## 1. Introduction

How to adequately quantify the system of interest by assembling available information from multiple datasets collected simultaneously from different sensors is a long lasting and commonly encountered problem in data science. This problem is commonly referred to as the

*sensor fusion*problem [20, 30, 19, 49]. While the simplest approach to “fuse” the information is via a simple concatenation of available information from each sensor, it is not the best and most efficient approach. To achieve a better and more efficient fusion algorithm, researchers usually face several challenges. For example, the sensors might be heterogeneous, datasets from different sensors might not be properly aligned, the datasets might be high dimensional and noisy, to name but a few. Roughly speaking, researchers are interested in extracting common components (information) shared by different sensors, if there is any, where roughly speaking.

A lot of effort was invested to find a satisfactory algorithm based on various models. Historically, when we can safely assume a linear structure in the common information shared by different sensors, the most typical algorithm in handling this problem is the canonical correlation analysis (CCA) [24] and its descendants [23, 20, 25], which is a far from complete list. In the modern data analysis era, due to the advance of sensor development and growth of the complexities of problems, researchers may need to take the nonlinear structure of the datasets into account to better understand the datasets. To handle this nonlinear structure, several nonlinear sensor fusion algorithms have been developed, for example, nonparametric canonical correlation analysis (NCCA) [39], alternative diffusion (AD) [31, 45] and its generalization [42], time coupled diffusion maps [38], multiview diffusion maps [34], etc. See [42] for a recent and more thoughtful list of available nonlinear tools and [50] for a recent review. The main idea beyond these developments is that the nonlinear structure is modeled by various nonlinear geometric structures, and the algorithms are designed to preserve and capture this nonlinear structure. Such ideas and algorithms have been successfully applied to many real world problems, like audio-visual voice activity detection [10], the study of the sequential audio-visual correspondence [9], automatic sleep stage annotation from two electroencephalogram signals [35], seismic event modeling [33], fetal electrocardiogram analysis [42] and IQ prediction from two fMRI paradigms [48], which is a far from complete list.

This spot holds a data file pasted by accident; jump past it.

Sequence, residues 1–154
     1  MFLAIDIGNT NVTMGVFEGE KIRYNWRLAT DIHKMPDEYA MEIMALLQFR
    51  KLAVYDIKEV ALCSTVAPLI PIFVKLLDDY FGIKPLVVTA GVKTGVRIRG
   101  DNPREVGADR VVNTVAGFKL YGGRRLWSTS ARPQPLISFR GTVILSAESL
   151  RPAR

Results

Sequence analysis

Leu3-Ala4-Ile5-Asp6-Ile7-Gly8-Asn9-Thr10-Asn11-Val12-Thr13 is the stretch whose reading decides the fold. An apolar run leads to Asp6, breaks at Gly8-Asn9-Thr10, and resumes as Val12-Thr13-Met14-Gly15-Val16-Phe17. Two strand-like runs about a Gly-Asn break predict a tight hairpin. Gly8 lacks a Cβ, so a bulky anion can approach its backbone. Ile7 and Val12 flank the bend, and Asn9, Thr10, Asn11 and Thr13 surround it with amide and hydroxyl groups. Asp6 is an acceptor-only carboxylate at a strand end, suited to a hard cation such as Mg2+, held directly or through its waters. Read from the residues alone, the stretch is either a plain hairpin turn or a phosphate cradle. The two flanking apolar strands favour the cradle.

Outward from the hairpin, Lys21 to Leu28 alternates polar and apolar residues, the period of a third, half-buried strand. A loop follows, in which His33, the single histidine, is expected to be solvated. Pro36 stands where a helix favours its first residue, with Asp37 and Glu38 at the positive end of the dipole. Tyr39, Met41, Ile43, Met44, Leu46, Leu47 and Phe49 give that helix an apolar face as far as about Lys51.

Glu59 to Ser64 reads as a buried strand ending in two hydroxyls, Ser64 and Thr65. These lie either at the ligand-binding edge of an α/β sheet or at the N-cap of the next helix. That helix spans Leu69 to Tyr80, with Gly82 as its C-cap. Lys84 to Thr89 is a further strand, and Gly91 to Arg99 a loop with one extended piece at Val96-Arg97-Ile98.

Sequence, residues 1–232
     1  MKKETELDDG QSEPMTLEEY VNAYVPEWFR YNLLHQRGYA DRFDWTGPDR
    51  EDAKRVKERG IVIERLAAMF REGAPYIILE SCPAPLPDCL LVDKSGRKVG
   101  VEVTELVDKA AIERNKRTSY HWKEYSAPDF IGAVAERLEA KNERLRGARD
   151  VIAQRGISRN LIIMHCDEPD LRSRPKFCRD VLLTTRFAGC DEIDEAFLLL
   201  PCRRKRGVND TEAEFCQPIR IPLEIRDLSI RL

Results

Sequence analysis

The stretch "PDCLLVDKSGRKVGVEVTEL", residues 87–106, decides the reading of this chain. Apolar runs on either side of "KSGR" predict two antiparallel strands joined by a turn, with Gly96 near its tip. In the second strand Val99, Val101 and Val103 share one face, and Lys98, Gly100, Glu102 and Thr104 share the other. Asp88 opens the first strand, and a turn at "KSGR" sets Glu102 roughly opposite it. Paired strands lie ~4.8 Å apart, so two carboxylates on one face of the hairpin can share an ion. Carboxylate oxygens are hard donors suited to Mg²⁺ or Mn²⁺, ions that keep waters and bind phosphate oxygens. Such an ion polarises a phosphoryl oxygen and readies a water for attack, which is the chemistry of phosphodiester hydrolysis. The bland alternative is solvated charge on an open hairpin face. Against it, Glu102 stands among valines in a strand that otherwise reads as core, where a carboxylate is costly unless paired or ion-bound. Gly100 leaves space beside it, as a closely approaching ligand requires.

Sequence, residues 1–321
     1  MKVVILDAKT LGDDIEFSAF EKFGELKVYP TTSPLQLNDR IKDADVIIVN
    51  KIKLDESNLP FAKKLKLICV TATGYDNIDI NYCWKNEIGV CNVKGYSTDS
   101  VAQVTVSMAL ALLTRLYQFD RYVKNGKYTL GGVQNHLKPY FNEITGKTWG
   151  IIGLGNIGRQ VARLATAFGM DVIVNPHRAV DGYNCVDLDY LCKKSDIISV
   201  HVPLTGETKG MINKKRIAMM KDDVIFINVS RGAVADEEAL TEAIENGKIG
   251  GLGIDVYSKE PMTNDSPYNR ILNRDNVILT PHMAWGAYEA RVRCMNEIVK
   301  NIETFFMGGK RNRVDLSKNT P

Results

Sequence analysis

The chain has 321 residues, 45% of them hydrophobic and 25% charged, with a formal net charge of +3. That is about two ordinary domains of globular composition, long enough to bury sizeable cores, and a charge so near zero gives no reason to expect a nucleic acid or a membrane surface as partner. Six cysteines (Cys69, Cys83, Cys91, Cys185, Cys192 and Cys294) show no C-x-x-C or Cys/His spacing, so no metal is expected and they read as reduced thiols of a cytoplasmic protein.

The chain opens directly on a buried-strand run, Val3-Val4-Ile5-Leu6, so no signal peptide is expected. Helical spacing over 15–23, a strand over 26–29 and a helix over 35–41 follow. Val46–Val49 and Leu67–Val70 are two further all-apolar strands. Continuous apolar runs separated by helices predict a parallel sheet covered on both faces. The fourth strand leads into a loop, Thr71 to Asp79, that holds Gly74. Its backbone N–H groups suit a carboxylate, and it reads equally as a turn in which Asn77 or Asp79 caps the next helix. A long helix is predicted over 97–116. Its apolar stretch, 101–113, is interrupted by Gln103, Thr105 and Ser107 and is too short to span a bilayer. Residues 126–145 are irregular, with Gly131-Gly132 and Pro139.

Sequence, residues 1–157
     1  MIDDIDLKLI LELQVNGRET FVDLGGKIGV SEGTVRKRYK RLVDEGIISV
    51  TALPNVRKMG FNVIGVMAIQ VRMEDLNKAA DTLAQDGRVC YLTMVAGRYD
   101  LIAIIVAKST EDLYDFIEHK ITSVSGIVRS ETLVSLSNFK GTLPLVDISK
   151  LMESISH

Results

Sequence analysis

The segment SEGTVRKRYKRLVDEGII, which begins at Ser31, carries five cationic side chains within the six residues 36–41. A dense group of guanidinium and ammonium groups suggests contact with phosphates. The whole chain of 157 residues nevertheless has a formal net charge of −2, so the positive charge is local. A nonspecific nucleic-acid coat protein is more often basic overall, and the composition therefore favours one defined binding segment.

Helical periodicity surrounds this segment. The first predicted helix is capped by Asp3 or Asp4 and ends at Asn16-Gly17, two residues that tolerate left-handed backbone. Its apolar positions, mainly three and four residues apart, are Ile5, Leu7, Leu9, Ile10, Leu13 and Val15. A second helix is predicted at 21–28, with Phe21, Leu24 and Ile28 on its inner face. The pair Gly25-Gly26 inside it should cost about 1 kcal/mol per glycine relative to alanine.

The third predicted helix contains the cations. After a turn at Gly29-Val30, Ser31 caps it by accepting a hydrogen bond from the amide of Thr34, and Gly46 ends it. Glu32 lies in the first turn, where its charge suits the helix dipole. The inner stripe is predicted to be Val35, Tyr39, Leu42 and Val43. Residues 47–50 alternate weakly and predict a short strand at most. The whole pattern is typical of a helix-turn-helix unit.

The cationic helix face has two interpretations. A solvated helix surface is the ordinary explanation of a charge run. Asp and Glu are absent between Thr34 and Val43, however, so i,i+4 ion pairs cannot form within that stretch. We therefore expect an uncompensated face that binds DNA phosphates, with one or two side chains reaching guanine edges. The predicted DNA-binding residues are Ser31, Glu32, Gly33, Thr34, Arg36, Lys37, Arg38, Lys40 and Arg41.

While these kernel-based sensor fusion algorithms have been developed and applied for a while, there are still several gaps toward a solid practical application and sound theoretical understanding of these tools. One important gap is understanding how the inevitable noise, particularly when the data dimension is high, impacts the kernel-based sensor fusion algorithms. For example, can we be sure if the obtained fused information is really informative, particularly when the datasets are noisy or when one sensor is broken? If the signal-to-noise ratios of two sensors are different, how does these noises impact the information captured by these kernel based sensors? To our knowledge, the developed kernel-based sensor fusion algorithms do not take care of how the noise interacts with the algorithm, and most theoretical understandings are mainly based on the nonlinear data structure without considering the impact of high dimensional noise, except a recent effort in the null case [7]. In this paper, we focus on one specific challenge among many; that is, we study how high dimensional noise impacts the spectrum of two kernel-based sensor fusion algorithms, NCCA and AD, in the non-null setup when there are two sensors.